[To THE EDITOR or TUC "SPECTATOR."] SIR,—May a former Nonconformist minister now in the Church say a word in reply to "Presbyter's " letter in your last issue ? Nothing is more to be deplored than any lack of kindness and courtesy, whether on the part of nurse or chaplain, to a hospital patient, and a system which allows a sufferer to prepare for Holy Communion and then to be denied it should be once for all amended.
On the prior question: Has a Nonconformist a right to claim the Holy Sacrament from an Anglican chaplain, I differ from your correspondent, as I should have done when myself a Nonconformist. I longed for years to communicate when a worshipper in Anglican churches, but I knew the Church's rule regarding Confirmation, and refrained from presenting myself at the altar until I had qualified by being confirmed. Not very long ago I was the guest of a Nonconformist tutor at Oxford. He remarked that as a graduate he was entitled to communicate at a certain celebration at Christ Church, but that the Dean knew him to be a Nonconformist, and he thought that his presence would be a mutual embarrassment. " One could not ignore the fact that a communicant tacitly declared that he was either confirmed or desirous of being confirmed."
I could not formerly, and cannot now, appreciate the position of those who conscientiously dissent from the Church and at the same time claim the most sacred privilege which the Church reserves for her members. It is true that certain Nonconformist communities interchange services and unite in their communions. The fact that the Church allows only priests to celebrate and confirmed persons to communicate is presumably the chief reason for " Presbyter's " Noncon- formity. He dissents from the Church's sacramental system. I can respect his conscientious Nonconformity, but not his implied claim to receive the Blessed Sacrament at the hands of a priest. Would he make a similar claim from a Roman Catholic chaplain ?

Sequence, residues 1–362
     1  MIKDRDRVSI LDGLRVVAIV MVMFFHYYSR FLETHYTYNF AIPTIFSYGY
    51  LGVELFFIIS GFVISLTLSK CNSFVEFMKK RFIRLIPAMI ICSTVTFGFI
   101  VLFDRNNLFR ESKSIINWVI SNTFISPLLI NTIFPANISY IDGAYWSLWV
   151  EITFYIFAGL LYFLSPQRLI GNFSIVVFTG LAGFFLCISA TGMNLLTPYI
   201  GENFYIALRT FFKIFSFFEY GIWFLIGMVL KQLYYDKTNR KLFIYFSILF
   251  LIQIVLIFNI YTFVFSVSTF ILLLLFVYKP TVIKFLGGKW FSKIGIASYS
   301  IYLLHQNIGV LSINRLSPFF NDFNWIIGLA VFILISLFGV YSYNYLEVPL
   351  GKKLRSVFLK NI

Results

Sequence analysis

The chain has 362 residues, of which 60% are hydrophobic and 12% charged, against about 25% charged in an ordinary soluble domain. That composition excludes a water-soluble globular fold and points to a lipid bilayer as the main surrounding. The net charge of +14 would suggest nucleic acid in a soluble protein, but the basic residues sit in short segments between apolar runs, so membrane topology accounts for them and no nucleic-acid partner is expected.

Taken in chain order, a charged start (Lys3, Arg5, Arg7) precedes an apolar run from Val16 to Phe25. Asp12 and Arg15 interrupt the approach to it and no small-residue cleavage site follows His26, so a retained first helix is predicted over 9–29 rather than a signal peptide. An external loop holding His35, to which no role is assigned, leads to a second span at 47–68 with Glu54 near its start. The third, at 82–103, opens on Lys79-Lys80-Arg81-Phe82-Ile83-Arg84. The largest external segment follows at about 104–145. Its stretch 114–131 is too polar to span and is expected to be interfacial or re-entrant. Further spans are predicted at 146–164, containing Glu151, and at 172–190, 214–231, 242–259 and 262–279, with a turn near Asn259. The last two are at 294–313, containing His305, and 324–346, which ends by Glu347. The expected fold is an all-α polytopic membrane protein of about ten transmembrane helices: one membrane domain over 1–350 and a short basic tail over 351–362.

All this I urge in a spirit of sincere, cordial, Christian charity. No one rejoices more than I do in the essential and evangelical orthodoxy, and in the glorious work of the Methodist communions. I remain unscathed by " Presbyter's " charge of intolerance. It seems to me a misuse of a word. Are not the " Free Churches" intolerant of Unitarianism P But their inability to communicate with them does not justify the charge of bigotry sometimes urged against them. I recall an instance in which a Congregational church declined to " welcome to the Lord's table " one who desired to com- municate, not in token of faith in Christ, but of " brotherly feeling." A gardener, for good reasons, will not suffer roses and pansies in one flower bed, but it would be a false inference that he loathes pansies. The charge of bigotry is one too frequently made under the influence of passing personal irritation.
My contention is that it is sheer futility to dissent from the Church because it is not like one of the Protestant com- munions, and then to insist on treating it as if it were. May I add that my own experience of one of the smaller hospitals is that Nonconformists rarely think of receiving Communion, and that in the rare instances in which they do they naturally prefer the service of their own minister P Otherwise they welcome heartily the friendly ministrations of a visiting clergyman. Nothing, however, is more to be desired than that Bishops should give clear and full directions to hospital chaplains in what circumstances, if any, it is permissible ex gratia to communicate patients who are unconfirmed.—I